MOSCOW >> Russia’s main security agency said Friday that at the request of the U.S. government it had dismantled REvil, one of the most aggressive ransomware crime groups attacking Western targets, and arrested some of its members.
The agency, known as the FSB, said “the organized crime gang ceased to exist” after a sweeping operation that was carried out in 25 locations across five Russian regions. The raids followed multiple requests by the Biden administration for the Kremlin to help shut down such groups.
The arrests were announced on the same day that the U.S. government accused Russia of sending saboteurs into Ukraine to create a pretext for invasion and that hackers shut down dozens of Ukraine’s government websites — an attack that Ukrainian officials suggested had originated in Russia.
A senior Biden administration official said the Russian sweep of REvil had no bearing on the building tension over security in Europe and the fate of Ukraine, with Russia massing troops near Ukraine’s borders and demanding that NATO pull back in Eastern Europe. But it is not clear whether the Kremlin sees this rare example of cooperation between the two countries as unrelated to Ukraine.
The official, speaking on condition of anonymity to brief reporters, said the administration believed one of those arrested Friday was involved in a ransomware hack last year that shut down the Colonial Pipeline, a major artery of fuel for the eastern United States. That attack was attributed to a group called DarkSide that is also believed to operate in Russia and to have ties to REvil.
In July, President Joe Biden warned President Vladimir Putin of Russia that the country could face grave consequences if it did not act swiftly on neutralizing groups such as REvil. In November, the State Department announced it was offering a reward of up to $10 million for information about REvil’s leaders.
Later Friday, a court in Moscow placed in custody two members of the group, identified by Interfax, a Russian news agency, as Andrei Bessonov and Roman Muromsky. Russian authorities did not describe the men’s roles in REvil or say what evidence linked them to the group.
The FSB did not say how many people it had arrested or whether they included the group’s leaders. It remains to be seen whether the operation really spells the end of REvil; in the past, such groups have reorganized under new names.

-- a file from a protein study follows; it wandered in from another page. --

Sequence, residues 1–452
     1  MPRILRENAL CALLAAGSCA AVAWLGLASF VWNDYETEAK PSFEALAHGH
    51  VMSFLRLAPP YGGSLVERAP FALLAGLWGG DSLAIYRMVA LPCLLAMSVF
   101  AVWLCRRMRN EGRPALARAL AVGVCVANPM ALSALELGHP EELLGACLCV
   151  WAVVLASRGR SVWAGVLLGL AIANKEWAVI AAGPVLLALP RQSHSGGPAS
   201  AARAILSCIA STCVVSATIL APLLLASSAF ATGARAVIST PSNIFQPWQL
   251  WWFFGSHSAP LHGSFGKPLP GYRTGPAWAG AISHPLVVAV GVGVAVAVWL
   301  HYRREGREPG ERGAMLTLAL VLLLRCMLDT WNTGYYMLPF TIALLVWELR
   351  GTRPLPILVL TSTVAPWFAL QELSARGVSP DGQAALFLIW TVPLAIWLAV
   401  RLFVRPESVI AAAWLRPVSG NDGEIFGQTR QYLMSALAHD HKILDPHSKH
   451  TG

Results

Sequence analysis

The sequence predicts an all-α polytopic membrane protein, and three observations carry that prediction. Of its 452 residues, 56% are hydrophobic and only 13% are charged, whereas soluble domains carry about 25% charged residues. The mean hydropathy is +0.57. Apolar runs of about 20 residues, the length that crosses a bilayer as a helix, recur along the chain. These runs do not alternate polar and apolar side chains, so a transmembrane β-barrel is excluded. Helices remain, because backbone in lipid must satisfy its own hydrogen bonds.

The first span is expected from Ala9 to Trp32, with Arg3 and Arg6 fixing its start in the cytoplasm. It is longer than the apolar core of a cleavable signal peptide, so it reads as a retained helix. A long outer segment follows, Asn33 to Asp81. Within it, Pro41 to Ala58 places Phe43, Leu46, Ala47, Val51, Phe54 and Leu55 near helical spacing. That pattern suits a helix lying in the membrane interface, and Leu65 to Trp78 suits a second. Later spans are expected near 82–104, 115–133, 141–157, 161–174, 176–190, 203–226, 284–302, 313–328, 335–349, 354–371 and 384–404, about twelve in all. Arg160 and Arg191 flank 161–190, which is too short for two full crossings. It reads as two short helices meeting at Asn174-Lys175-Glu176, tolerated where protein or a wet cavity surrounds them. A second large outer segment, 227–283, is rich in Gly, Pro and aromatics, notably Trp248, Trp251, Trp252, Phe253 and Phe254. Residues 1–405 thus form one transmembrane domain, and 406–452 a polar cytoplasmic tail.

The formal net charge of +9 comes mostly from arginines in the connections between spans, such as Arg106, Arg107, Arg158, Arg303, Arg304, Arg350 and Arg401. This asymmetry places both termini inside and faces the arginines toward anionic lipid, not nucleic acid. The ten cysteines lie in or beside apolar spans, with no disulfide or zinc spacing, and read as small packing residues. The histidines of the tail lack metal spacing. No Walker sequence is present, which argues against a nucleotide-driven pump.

U.S. officials have said that while the Kremlin could shut down hacker groups like REvil, it tolerates or even encourages them as long as their targets are outside Russia.
In July, following Biden’s ultimatum, REvil went offline, fueling speculation about whether the Kremlin had ordered the group to go quiet, the United States or its allies had managed to disrupt its operations, or the group itself had decided to go underground, fearing that the heat had become too intense.
However, it resurfaced two months later, reactivating a portal victims use to make payments. In October, it was again forced offline, temporarily, by a counterhacking effort mounted by the governments of several countries, including the United States.
REvil, short for “ransomware evil” has been one of the most notorious ransomware hacking groups sought by U.S. law enforcement. Ransomware groups hack into a victim’s computer system and encrypt its data, effectively locking out the owners, and extort them for money — sometimes millions of dollars, paid in cryptocurrency — in return for reversing the encryption.
U.S. intelligence agencies identified REvil as responsible for the attack on one of the largest U.S. beef producers, JBS, in June, forcing the shutdown of nine beef plants. In the end, JBS said it had paid an $11 million ransom in Bitcoin. The operator of the Colonial Pipeline paid almost $5 million in Bitcoin.
REvil also took credit for what was described as the biggest ransomware hack ever in July, affecting up to 1,500 businesses around the world.
The organization boasted about its attacks on its site — called “Happy Blog” — on the dark web, where it listed some of its victims and earnings from its digital extortion schemes.
In September, a report by cybersecurity company Recorded Future said Russian intelligence officials have long-standing ties to cybercrime groups. “In some cases, it is almost certain that the intelligence services maintain an established and systematic relationship with criminal threat actors,” the report said.
On Friday, the FSB said in a statement that it had informed the U.S. government of the sweep against REvil, including searches of the residences of 14 group members, adding that it had seized more than $5.5 million in rubles, dollars, euros and cryptocurrencies, as well as 20 luxury cars.
REvil, the FSB said, had “developed malware, organized the theft of funds from bank accounts of foreign citizens, and also cashed them out, including by buying expensive goods online.”
Footage of the arrests, aired by Russian news channels, showed agents breaking into apartments and pushing young men to the floor and handcuffing them. The video also showed large piles of dollars and rubles being seized and counted, and masked agents looking through confiscated computers.
This article originally appeared in The New York Times.